The Employment Tribunal is based on the notion of justice, accessibility and informality. Instead of the bureaucracy and financial outlay involved in making a claim in the County or High court the employment tribunal has immemorially given the opportunity for the wronged employee to challenge the way he was treated by his employer.
However, the introduction of fees in the Employment Tribunal, at the end of this month now removes this fundamental principle. The minimum fee for lodging the claim at employment from 29 July 2013 onwards will be £160. However this will only cover the issuing of the claim and if the employee wants the Tribunal to hear the case in full the employee will be asked to pay a further £950 for the final hearing.
It is important to note that the new rules do allow a remission of these fees for low-income claimants. However it is likely that many others will be faced with a financial bill in the pursuit of justice, a bill which will invariably exceed the compensation they are seeking from the Tribunal.
Proponents of the fee introduction believe that it will encourage parties to settle the claim as soon as possible once it has been issued to avoid the fee incurred at a final hearing. However the former employer is likely to have stronger resources to deal with litigation. The concern of the financial burden will be at the forefront of the claimant’s mind placing him/her in an inequitable bargaining position once negotiations commence. That is if indeed they do commence, which may be less likely now that the Respondent is armed with the knowledge of the financial burden weighing on the Claimant. The change will enable a Respondent to nefariously exert its force to dispose of a wronged individual's claim because he/she simply has not got the financial might to pursue the claim.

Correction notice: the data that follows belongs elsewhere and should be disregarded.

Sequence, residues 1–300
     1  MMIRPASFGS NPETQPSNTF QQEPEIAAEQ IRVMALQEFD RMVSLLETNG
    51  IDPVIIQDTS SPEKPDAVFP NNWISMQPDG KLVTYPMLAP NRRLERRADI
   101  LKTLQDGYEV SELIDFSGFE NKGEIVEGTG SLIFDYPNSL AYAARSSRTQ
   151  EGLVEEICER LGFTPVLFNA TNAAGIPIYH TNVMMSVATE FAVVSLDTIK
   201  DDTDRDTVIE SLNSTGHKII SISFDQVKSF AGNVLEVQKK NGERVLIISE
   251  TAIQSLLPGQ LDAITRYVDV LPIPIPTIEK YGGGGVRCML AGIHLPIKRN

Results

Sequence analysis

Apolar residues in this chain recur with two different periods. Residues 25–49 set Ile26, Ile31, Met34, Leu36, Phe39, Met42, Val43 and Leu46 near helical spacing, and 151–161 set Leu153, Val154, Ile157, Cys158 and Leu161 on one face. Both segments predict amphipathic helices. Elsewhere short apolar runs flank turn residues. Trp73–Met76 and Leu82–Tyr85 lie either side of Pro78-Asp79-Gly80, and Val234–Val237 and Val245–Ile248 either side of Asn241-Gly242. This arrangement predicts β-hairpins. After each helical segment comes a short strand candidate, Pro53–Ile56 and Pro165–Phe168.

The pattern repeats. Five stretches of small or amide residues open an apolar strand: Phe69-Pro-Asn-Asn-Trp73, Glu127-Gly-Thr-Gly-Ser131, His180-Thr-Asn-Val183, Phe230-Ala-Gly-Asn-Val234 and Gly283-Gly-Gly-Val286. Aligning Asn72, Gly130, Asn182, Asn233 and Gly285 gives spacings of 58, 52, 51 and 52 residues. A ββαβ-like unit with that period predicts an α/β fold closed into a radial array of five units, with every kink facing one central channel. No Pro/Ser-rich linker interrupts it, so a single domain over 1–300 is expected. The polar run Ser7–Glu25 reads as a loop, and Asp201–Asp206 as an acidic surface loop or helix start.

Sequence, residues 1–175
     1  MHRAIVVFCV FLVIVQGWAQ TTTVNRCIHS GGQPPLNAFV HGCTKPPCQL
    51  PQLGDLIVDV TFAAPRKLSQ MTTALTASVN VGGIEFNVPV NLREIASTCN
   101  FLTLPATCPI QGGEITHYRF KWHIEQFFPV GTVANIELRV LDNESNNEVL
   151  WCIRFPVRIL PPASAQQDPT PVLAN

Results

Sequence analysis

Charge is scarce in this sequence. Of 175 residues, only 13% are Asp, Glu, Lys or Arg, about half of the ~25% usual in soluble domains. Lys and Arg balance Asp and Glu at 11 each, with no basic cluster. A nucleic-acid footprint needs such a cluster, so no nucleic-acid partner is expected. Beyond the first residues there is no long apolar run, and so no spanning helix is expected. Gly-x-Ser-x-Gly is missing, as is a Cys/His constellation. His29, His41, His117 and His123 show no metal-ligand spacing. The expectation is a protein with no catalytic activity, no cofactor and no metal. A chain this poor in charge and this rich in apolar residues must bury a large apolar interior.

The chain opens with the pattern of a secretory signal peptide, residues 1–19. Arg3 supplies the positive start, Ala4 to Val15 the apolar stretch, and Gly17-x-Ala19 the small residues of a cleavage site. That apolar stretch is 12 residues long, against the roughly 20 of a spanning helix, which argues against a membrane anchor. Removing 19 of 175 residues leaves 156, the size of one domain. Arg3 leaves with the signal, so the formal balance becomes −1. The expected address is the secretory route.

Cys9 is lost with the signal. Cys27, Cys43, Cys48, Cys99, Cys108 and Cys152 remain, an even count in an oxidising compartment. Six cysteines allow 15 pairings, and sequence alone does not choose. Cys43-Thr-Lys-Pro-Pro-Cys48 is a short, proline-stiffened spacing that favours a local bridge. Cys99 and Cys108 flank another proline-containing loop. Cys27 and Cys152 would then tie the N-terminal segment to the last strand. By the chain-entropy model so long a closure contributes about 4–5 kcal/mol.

The new system may well weed out weak, vexatious claims brought by disgruntled employees, saving employers time and expense in litigation. However, the reality of the fee introduction is that the strength of the case can not be fully tested meaning that those with a meritous but without the funds will effectively be priced out of justice.
The introduction of the fees is a further blow to claimants who as of April 2013 lost legal aid funding for the majority of employment Tribunal claims. These changes demonstrate a shift of emphasis, from a meritorious system based on accessibility to one only accessible to those with deep pockets.
By Stephen Woodhouse
We at Stephensons understand that this change is going to affect you and we are happy to offer further guidance on this by giving you the opportunity to speak to one of our trained legal advisers for a free no obligation consultation.